Unfortunately, the South African government did not act as quickly as many had hoped in repealing Apartheid laws and supporting the transition to a democratic society. According to an article by de Lange, “by the end of 1993 it was clear that the South African government was foot dragging on reform” (1).

This lack of action led to more protests and more violence. In March of 1992, white extremists opened fire on peaceful demonstrators in Boipatong, killing over 40 people (1). The South African government was also accused of being involved in a number of political assassinations during this time period.

The South African government’s lack of action on Apartheid reform led to increasing international pressure. In 1992, the United Nations Security Council voted to impose mandatory economic sanctions on South Africa in an attempt to force the government to speed up the reform process (1). The South African government did eventually repeal the remaining Apartheid laws in 1994 and held its first free and fair elections in April of that year, leading to Nelson Mandela becoming South Africa’s first black president.

Apartheid may have ended in South Africa over 20 years ago, but its effects are still felt today. According to de Lange, “the legacy of apartheid continues to haunt South Africa” (1). One of the biggest problems facing South Africa today is socioeconomic inequality. According to Statistics South Africa, the Gini coefficient, which measures income inequality, has actually increased since the end of Apartheid, rising from 0.63 in 1995 to 0.69 in 2015 (“Inequality in South Africa”).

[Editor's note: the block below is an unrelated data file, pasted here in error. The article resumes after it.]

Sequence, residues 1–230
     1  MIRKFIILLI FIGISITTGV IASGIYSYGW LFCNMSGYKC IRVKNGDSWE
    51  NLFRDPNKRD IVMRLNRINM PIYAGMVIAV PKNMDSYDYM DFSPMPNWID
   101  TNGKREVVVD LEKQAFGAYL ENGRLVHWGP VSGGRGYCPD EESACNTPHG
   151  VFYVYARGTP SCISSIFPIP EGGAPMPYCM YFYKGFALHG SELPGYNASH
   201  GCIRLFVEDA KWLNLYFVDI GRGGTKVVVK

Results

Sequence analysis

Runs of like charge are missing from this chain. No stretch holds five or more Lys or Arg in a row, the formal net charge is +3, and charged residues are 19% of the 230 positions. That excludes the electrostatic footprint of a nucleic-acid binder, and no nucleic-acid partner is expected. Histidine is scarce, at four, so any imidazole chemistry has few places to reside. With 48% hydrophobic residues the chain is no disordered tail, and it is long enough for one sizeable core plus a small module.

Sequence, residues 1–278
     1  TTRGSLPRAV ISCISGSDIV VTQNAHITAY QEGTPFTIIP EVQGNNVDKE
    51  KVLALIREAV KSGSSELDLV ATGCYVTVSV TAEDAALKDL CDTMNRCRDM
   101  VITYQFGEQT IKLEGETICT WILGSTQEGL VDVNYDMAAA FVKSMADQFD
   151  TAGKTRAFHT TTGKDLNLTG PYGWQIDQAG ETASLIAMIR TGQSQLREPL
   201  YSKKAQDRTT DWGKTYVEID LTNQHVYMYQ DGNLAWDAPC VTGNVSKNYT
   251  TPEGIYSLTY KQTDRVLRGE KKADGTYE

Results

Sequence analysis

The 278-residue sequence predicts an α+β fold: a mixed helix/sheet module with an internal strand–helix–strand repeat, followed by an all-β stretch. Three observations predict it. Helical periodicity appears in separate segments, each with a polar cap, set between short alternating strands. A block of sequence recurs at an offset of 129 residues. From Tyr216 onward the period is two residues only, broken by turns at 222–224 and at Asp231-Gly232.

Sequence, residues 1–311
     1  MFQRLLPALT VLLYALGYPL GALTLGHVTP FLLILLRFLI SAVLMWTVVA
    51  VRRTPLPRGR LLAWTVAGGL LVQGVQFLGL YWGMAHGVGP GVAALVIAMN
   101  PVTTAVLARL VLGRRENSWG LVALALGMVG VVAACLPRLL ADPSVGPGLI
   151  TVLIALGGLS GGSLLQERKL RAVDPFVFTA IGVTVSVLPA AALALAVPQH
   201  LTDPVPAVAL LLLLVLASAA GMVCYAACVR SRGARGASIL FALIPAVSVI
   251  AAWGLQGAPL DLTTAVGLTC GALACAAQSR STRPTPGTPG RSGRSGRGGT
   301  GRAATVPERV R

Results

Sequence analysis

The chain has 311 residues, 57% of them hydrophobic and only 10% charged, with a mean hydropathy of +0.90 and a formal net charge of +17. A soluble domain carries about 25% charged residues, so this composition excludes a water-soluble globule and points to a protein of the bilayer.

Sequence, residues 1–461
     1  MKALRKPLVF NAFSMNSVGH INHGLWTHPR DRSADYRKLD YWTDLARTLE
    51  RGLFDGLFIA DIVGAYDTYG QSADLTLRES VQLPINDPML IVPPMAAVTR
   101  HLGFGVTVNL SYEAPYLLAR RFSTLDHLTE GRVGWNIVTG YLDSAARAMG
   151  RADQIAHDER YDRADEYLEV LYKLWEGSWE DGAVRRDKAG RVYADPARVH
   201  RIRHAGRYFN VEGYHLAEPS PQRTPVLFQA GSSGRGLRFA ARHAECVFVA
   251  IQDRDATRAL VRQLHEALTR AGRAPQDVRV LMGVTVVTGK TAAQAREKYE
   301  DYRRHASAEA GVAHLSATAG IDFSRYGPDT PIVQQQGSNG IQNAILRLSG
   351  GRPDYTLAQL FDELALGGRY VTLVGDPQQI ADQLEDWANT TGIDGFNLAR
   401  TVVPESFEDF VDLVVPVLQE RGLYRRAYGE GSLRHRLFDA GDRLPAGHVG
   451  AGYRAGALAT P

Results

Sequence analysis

This increase in inequality is due to a number of factors, including the continued concentration of wealth among white South Africans, who make up less than 10% of the population but own more than 70% of the country’s wealth (De Lange 1).

While socioeconomic inequality is perhaps the most visible legacy of Apartheid, there are other effects that are also still being felt today. The South African education system is still struggling to recover from the damage caused by Apartheid. According to an article by Mendelsohn and Roberts, “the South African schooling system remains one of the most unequal in the world” (1).

This inequality is due in part to the fact that, during Apartheid, black South Africans were deliberately given an inferior education in order to prevent them from challenging the government’s system of racial segregation. As a result, South Africa today faces a severe shortage of skilled workers.